Friday, April 13, 2012

Gratitude Month Week Two: The Kingdom of Now. A Collection.

Do not hurry; do not rest. Though even He rested, one day.

Some moments, spent missing you. 
Other moments, spent missing not one single square inch of you.

Dog's life is shorter than mine; let him stop to smell everything. 

The now of waking: what kind of sky, through the threadbare curtain.
The now of waking: the cat, less her collar, comes in through an open window, paws wet with night rain, examining the thin skin of my eyelid with curious nose. She loves me.

My mother's voice is calm when she tells me the news, but even in this calm we are both thinking: nothing else matters, but this. 

Put my face over the coffee grounds as the steaming water seeps through; half the reason why, anyway.

My father gave me the carved wind spiral from the house; after a heavy wind I go to reorder its lines of wood and spend the afternoon with cedar fingers.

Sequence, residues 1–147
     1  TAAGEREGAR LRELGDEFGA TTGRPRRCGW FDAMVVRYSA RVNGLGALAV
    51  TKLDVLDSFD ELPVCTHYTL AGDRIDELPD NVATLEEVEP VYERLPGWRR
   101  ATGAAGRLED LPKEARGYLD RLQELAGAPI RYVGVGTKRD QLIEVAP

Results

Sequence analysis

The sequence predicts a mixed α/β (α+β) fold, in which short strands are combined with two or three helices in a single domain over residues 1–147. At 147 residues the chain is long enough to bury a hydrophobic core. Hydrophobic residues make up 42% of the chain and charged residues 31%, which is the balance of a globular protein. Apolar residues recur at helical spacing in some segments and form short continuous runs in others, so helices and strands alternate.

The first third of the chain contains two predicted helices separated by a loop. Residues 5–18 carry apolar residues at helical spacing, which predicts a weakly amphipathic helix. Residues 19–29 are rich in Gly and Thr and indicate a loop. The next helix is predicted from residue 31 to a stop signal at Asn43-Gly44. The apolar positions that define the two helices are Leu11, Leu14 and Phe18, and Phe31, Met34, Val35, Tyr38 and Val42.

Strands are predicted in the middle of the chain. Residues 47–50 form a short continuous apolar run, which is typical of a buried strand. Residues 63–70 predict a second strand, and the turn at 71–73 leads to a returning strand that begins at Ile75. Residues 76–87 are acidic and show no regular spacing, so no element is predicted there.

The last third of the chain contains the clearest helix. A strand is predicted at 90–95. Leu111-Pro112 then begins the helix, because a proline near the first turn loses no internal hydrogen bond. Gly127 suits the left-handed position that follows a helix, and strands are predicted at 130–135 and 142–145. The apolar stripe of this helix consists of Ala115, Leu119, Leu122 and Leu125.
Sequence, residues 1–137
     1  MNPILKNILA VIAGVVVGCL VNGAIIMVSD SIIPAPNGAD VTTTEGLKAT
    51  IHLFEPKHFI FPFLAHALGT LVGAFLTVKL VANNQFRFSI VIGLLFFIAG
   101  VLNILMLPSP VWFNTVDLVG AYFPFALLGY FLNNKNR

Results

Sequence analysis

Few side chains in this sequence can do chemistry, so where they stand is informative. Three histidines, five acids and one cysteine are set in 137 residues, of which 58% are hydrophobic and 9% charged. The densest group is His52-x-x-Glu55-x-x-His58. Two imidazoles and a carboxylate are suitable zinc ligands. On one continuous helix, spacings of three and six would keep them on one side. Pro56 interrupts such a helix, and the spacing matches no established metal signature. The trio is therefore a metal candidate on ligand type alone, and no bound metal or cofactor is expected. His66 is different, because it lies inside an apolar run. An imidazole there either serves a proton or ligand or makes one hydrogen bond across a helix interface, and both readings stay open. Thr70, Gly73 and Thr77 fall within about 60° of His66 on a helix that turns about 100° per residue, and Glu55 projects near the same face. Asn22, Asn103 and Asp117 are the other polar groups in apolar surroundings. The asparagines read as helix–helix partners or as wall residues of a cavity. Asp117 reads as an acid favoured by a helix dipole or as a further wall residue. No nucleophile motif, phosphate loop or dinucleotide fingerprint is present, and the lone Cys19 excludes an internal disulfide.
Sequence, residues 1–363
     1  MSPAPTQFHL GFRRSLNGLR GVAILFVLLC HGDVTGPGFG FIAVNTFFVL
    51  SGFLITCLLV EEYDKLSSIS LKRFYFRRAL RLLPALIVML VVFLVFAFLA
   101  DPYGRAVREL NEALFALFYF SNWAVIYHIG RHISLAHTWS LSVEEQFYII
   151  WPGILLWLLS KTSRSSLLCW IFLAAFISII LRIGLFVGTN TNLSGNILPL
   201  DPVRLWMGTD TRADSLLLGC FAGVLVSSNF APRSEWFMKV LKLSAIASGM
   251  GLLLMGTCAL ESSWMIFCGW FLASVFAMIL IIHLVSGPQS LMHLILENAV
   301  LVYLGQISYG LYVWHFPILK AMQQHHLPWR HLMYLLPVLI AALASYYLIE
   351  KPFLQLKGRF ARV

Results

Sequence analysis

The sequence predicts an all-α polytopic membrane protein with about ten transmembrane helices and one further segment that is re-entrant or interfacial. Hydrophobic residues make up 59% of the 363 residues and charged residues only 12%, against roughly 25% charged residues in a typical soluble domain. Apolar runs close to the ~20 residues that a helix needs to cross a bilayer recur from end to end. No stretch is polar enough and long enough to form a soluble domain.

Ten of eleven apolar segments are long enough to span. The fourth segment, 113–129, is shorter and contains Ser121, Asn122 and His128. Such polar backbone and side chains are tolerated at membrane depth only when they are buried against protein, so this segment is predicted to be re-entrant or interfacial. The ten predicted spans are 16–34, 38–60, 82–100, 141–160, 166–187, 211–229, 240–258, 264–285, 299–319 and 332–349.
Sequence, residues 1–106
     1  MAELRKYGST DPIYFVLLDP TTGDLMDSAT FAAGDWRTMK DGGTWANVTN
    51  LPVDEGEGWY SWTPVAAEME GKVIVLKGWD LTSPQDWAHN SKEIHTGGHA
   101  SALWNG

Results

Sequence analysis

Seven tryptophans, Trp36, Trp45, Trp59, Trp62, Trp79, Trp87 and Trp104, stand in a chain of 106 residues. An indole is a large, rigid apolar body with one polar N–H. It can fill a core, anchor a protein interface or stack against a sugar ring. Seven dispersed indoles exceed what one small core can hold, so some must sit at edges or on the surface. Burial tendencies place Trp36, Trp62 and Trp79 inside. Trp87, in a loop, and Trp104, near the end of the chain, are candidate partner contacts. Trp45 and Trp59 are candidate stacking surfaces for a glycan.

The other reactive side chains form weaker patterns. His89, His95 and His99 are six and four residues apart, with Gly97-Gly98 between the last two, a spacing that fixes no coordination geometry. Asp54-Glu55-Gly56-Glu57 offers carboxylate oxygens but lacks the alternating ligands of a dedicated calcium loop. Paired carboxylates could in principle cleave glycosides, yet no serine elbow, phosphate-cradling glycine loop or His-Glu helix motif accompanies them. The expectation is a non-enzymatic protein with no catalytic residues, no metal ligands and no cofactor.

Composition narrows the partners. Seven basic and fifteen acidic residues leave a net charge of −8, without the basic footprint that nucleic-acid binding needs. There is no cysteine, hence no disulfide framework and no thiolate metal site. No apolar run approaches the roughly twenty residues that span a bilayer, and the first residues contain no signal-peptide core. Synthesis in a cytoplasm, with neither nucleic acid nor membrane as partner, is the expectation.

On the bus, a girl with a rope of beautiful hair bound to her head with a glass comb. 

Through the wall, the low vibrations of my neighbors, talking to their baby.

The now of the house plant: You need more time to grow your roots, I say. You, too, says the houseplant.

Three new blossoms of the African Violet, timid before the grey window light.

A body strong enough to cover seven miles and more.

The Moonflower that has survived the fall and winter indoors; that is beginning to thrive, give new growth. With luck and encouragement, it will bloom for one night in late summer, its white blossom a single, unfurling trumpet under a dark September sky. 

Ask only to be worthy. 
With luck and encouragement. 

 Nothing else matters. But this.

Friday, April 6, 2012

Gratitude Month Week One: The Past. Or: This One's Called, 'Titanic'.